This is a clinical trial to see if treatment with etanercept for early skin
graft-versus-host disease (GVHD) can effectively treat and prevent progression of the
disease without using high dose steroids.
GVHD is a common complication following a bone marrow transplant from another donor. GVHD
occurs after transplant, when the donor's blood cells (called lymphocytes) recognize parts
of your body, such as the skin, as foreign. A certain chemical, called Tumor Necrosis
Factor, or TNF, also causes damage to the skin. The main effect on the skin is a red rash,
when the skin GVHD is mild, but in more severe forms the skin can blister.
We have been studying GVHD at the University of Michigan for the past decade. We know that
high levels of TNF makes GVHD worse. Our research has shown that adding an anti-TNF drug
(called etanercept or Enbrel®) to the standard GVHD treatment of high dose steroids leads to
improvement in the GVHD in twice as many patients compared to when steroids alone are used.
It is now standard practice at the University of Michigan and many other centers to treat
GVHD with both steroids and etanercept.
The management of early skin GVHD for most patients involves treatment with steroids, given
both as a cream and by either the mouth (in pills) or IV. Early skin GVHD is also called
grade I GVHD, which means the skin rash covers less than half of the body. Steroid treatment
can be effective; however, it also causes many complications such as an increased risk of
infection, weight gain, stomach ulcers, muscle weakness and bone damage, among many others.
We have developed this study to test whether starting treatment with etanercept and steroid
creams alone can treat the GVHD without requiring the use of high dose steroids. The goal is
to avoid the complications that come with high dose oral or IV steroid treatment. The high
dose steroid treatment would only begin if your GVHD got worse.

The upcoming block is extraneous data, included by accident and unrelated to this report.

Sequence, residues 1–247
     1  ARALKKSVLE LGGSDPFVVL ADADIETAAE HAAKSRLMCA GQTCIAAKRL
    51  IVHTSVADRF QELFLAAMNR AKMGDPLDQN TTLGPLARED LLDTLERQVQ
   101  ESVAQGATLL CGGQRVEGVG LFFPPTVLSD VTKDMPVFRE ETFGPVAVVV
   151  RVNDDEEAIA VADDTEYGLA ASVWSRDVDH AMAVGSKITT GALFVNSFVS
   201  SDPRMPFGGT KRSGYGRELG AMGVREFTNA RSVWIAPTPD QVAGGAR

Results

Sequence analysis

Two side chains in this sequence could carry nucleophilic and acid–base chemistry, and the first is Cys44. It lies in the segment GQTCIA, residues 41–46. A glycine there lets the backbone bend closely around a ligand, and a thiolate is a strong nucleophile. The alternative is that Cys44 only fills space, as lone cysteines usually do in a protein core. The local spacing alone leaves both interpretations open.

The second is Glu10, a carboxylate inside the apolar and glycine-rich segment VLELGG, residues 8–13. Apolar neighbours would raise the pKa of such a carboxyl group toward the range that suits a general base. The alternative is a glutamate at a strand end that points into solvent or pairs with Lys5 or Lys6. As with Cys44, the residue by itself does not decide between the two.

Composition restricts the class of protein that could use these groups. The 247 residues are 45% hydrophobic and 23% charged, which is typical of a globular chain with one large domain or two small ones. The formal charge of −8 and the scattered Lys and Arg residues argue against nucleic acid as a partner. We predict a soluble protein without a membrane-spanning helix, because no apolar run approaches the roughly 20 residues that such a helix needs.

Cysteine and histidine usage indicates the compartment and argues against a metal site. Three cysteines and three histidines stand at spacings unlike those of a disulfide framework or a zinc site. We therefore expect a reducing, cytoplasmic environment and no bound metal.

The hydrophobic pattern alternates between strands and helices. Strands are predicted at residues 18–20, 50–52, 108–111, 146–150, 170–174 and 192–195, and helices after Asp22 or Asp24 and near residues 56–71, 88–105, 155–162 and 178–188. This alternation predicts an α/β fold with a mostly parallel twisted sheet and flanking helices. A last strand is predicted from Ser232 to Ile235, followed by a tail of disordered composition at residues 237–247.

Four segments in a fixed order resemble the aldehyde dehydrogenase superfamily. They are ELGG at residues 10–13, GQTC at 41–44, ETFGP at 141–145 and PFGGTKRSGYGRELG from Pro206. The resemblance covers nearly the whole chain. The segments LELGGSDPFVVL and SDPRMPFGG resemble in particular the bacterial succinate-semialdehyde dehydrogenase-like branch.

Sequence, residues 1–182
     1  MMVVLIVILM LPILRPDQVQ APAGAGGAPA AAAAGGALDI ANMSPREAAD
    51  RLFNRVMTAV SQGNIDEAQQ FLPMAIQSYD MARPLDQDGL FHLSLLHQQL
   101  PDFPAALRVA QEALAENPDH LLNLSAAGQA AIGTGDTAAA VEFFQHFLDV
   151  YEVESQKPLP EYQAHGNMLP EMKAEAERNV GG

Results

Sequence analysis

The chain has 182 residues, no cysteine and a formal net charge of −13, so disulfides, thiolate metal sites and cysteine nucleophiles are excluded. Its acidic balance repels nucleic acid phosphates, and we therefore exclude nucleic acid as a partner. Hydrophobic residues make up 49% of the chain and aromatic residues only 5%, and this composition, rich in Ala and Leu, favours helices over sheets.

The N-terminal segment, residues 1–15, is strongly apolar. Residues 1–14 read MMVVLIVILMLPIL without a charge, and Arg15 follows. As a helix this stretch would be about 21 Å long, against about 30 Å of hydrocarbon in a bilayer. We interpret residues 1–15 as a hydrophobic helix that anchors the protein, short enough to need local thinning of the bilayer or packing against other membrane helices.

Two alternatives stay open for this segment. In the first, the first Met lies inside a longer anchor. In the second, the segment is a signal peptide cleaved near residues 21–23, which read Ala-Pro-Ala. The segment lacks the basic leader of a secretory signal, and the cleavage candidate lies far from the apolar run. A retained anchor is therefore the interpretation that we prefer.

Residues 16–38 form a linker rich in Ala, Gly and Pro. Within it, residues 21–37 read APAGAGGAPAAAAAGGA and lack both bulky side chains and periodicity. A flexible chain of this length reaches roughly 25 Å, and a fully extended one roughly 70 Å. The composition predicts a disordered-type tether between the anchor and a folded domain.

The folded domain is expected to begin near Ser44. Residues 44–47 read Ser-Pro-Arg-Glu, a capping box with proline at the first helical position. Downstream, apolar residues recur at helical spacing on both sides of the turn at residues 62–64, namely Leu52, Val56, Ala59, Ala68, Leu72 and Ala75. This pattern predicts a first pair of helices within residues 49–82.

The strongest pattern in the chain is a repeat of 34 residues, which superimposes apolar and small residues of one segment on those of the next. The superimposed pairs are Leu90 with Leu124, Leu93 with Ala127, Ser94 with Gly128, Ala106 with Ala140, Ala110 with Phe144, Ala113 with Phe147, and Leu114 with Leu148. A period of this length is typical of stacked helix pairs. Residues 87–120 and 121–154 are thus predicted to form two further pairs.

1. Patient must have undergone HCT (donor cells from any source) with either a
myeloablative or nonmyeloablative preparative regimen.
2. Patient may be any age.
3. Patient must have biopsy-proven Grade I acute GVHD (Appendix A). Biopsy report does
not have to be back from Pathology prior to enrollment. Patients whose biopsy for
GVHD identifies pathology inconsistent with GVHD will be removed from the study and
replaced. However, because GVHD is a clinical diagnosis, biopsies which are
non-diagnostic or do not show a clear non-GVHD etiology will not be cause to remove
the patient from the study.
1. Patients who are pregnant (positive urine or serum test) or nursing.
2. Active infections which are unresponsive to antibiotics (> 2 consecutive [at least 24
hours apart], positive blood cultures after initiation of treatment).
3. Allergic or otherwise undesirable reaction to etanercept.
4. Use of any oral or intravenous steroids at any previous time for GVHD treatment.
Prior use of steroid therapy (i.e. hydrocortisone) as pre-medication for transfusions
is permissible. Prior use of topical steroids is allowed.
5. Use of etanercept for any other purpose.
6. Noncompliance with medications.
7. Grade II-IV GVHD (history of or at time of study entry).